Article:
Problem: Currently have no way to verify integrity of my offline encrypted system. I would like to ensure the system hasn't been physically tampered with while I've been away from it.

(To clarify:while I am aware that the system cannot be modified without gaining access to the my encryption key. This question is to address the off-chance that the encryption is somehow bypassed. i.e. They gain access to my encryption key.)

Proposed solution: Hash the contents of the hard drive and have that hash added to a thumbdrive that I will maintain control of.


  1. How difficult would it be to obtain a hash for a harddrive before every system shutdown and have that hash added to a log on a thumbdrive that can be validated after every login?

  2. Would I need to have the system unmounted to ensure this method is valid?

  3. Is there already a prepackaged solution that you are aware of for this problem?


  1. I would need to ensure physical security of the thumbdrive to make sure the checksums match is valid (maintaining physical security of a keydrive is much easier than carrying a computer around with me)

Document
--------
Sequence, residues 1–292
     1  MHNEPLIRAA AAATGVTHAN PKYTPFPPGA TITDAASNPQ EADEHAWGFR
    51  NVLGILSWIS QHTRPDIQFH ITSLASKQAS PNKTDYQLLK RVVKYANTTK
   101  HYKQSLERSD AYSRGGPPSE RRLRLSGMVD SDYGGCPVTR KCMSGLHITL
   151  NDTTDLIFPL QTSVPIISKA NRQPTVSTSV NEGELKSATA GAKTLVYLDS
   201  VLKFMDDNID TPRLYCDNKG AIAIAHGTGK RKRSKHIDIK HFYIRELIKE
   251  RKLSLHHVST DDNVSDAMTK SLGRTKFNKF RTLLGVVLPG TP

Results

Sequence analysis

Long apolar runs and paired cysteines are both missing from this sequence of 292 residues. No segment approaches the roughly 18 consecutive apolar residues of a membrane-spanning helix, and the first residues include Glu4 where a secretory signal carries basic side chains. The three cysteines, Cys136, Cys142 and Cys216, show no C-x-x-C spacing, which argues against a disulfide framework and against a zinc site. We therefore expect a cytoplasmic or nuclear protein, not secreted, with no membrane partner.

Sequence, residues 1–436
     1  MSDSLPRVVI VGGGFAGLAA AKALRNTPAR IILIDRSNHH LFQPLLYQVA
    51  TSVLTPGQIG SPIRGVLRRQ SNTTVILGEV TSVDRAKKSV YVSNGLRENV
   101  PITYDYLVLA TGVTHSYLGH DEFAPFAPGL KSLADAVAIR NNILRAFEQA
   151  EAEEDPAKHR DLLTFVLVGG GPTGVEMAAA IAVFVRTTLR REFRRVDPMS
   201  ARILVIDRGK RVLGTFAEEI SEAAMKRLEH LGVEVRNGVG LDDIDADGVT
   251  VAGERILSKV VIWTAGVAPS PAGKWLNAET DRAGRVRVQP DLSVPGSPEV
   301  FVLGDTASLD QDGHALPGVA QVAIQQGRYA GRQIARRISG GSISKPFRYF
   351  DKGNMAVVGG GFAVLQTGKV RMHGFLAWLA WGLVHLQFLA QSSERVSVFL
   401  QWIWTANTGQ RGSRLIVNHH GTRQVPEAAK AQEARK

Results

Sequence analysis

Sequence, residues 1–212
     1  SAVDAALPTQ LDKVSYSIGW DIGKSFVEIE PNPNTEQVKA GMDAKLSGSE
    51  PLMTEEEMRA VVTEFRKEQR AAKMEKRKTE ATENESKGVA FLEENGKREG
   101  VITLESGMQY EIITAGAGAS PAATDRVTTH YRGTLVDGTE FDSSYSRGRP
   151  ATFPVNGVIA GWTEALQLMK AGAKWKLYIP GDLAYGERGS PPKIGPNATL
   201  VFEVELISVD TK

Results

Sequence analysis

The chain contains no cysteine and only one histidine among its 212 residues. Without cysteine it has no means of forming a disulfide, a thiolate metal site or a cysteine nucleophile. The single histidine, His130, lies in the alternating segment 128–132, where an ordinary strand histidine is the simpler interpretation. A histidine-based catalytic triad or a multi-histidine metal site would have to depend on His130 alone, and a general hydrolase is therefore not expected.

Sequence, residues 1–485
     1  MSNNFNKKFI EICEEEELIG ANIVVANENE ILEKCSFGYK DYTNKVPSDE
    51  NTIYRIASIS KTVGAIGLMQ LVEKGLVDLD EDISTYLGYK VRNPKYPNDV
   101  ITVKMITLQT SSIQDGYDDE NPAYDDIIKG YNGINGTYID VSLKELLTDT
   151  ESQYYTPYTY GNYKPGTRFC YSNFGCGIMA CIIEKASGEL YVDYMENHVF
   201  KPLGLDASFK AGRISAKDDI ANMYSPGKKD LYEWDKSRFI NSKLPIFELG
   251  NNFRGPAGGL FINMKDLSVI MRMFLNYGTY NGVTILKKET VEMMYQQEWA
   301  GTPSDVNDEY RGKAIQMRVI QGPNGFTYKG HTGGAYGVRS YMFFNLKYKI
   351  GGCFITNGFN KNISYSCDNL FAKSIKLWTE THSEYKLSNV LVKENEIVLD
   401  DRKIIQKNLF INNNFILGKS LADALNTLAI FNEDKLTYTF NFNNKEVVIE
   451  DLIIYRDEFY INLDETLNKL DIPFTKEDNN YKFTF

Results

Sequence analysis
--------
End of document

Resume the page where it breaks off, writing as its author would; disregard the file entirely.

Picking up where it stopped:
2. This method would probably be more easily implemented on virtual machines (though that doesn't do anything if the host is compromised).

  3. Having a Live Linux USB on the thumbdrive to create the hash on the unmounted drive may be a more simplistic method, although not quite as streamlined.

Other thoughts: I am aware that system encryption offers some level of integrity assurance. But in the off chance that encryption becomes violated, I would like to know.

OS: Arch Linux

  • Does the encryption you use not perform some type of integrity check? Could you elaborate on which encryption software you're using for FDE?
    – RoraΖ
    Nov 6, 2014 at 15:55
  • I'm currently using LVM over LUKS, This setup ensures full disk encryption, but does not perform integrity checking as far as I'm aware. Nov 6, 2014 at 16:00
  • Integrity of what? If the data has been altered without the encryption key, then the drive would be unusable.
    – schroeder
    Nov 6, 2014 at 16:05
  • ZFS and TahoeLAFS have some similar features. Nov 6, 2014 at 16:14